Closing Out 2021

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16 Dec, 2021

Welcome to our one-stop guide covering the issues relevant to the preparation of December 2021 annual reports.

Uncertainty continues to be a significant factor in industries and economies around the world, whether generated by the effects of climate change, the ongoing COVID-19 pandemic, or other factors. This uncertainty can affect corporate reporting in a number of ways, generating focus from investors and regulatory scrutiny from the Financial Reporting Council (FRC), and influencing developments in reporting requirements. The FRC’s Annual Review of Corporate Reporting 2020/21 and ESMA’s Common Enforcement Priorities provide guidance on appropriate reporting and meeting investor expectations and highlight areas of regulatory scrutiny that reporters of all sizes should focus on in the coming reporting season. 

The FRC notes improvements in the reporting of the effects of climate change, but highlights that there is still significant scope for enhanced disclosure.  For periods commencing on or after 1 January 2021, premium-listed commercial companies are required by the Listing Rules to include a statement in their annual financial report which sets out whether their disclosures are consistent with the Task Force on Climate-related Financial Disclosures (TCFD) recommendations, and to explain if they are not. The FRC, ESMA and the Financial Conduct Authority have all stated that they will be reviewing compliance with this new requirement in the 2021/22 reporting season.  Going forwards these requirements will be extended to include standard listed companies, asset managers, life insurers and FCA-regulated pension providers for periods commencing on or after 1 January 2022.

The FRC continues to raise queries relating to regular focus areas, in particular the use of ‘non-GAAP’, or alternative performance measures (APMs), disclosures about judgements and estimates, and the statement of cash flows.  There also continues to be focus on more recent IFRS Standards, with queries raised around the application of IFRS 15 Revenue from Contracts with Customers, IFRS 16 Leases, and IFRS 9 Financial Instruments.  Companies’ narrative reporting disclosures can also expect to be challenged with improvements expected in Streamlined Energy and Carbon Reporting (SECR) and Section 172 reporting.   Additionally whilst corporate reporting in the face of the ongoing effects of the COVID-19 pandemic has not declined, both the FRC and ESMA stress the need for continued high quality reporting with a focus on the disclosure of judgements and estimation uncertainties particularly regarding matters such as going concern, liquidity and impairment of assets.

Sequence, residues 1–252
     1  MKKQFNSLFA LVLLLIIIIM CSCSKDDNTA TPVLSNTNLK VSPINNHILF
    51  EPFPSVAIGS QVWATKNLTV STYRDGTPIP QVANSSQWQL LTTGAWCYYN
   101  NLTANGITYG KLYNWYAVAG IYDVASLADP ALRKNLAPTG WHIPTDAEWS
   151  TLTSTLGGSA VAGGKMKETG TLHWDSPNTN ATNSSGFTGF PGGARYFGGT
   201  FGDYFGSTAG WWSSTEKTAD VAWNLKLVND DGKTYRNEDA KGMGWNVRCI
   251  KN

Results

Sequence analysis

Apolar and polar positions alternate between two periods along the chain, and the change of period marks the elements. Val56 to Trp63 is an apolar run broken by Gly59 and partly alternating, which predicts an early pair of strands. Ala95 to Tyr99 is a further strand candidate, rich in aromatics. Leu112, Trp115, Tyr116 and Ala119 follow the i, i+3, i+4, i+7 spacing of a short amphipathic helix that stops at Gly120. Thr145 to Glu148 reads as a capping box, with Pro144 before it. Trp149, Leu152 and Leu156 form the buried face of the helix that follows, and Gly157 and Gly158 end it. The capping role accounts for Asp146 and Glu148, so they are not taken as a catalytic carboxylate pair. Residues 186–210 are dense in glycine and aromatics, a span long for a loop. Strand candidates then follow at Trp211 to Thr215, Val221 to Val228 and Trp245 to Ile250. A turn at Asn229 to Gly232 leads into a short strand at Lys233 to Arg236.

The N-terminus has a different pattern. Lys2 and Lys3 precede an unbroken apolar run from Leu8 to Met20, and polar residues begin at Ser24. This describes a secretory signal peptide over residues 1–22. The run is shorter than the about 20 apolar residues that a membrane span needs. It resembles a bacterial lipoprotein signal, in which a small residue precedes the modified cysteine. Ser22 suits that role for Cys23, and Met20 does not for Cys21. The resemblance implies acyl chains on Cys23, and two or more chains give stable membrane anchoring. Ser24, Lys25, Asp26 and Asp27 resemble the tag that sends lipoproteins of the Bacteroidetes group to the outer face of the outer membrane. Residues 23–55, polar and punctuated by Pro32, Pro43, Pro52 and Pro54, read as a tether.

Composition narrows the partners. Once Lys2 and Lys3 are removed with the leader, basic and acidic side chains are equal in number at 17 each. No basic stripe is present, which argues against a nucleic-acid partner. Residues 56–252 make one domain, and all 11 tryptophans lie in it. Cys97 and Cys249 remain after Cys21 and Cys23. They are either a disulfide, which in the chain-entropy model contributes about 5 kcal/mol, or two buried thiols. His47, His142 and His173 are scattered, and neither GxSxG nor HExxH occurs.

This year sees the introduction of the requirement for UK entities listed on the Main Market to prepare their annual financial reports in compliance with the European Single Electronic Format (ESEF). This requirement, effective for periods commencing on or after 1 January 2021, has been introduced by the FCA in order to facilitate accessibility, analysis and comparability of annual financial reports and involves preparing the annual report in an XHTML web browser format.

Turning to the financial statements, amendments to both UK GAAP and IFRS Standards have been relatively minor. However, for those entities with financial instruments, the ‘phase 2’ amendments as a result of IBOR reform to both UK GAAP and IFRS Standards are likely to be significant. Additionally, lessees and lessors that have received temporary rent concessions as a direct consequence of COVID-19 should consider the extension to the reliefs offered under both frameworks.

Looking forwards to 2022, the FRC has confirmed its areas of focus, with thematic reviews planned for TCFD and climate-related reporting, business combinations, earnings per share, deferred taxes, discount rates, and judgements and estimates.

Our Closing Out 2021 publication covers all these topics and more, providing an invaluable guide to the issues affecting today’s corporate reporting landscape.

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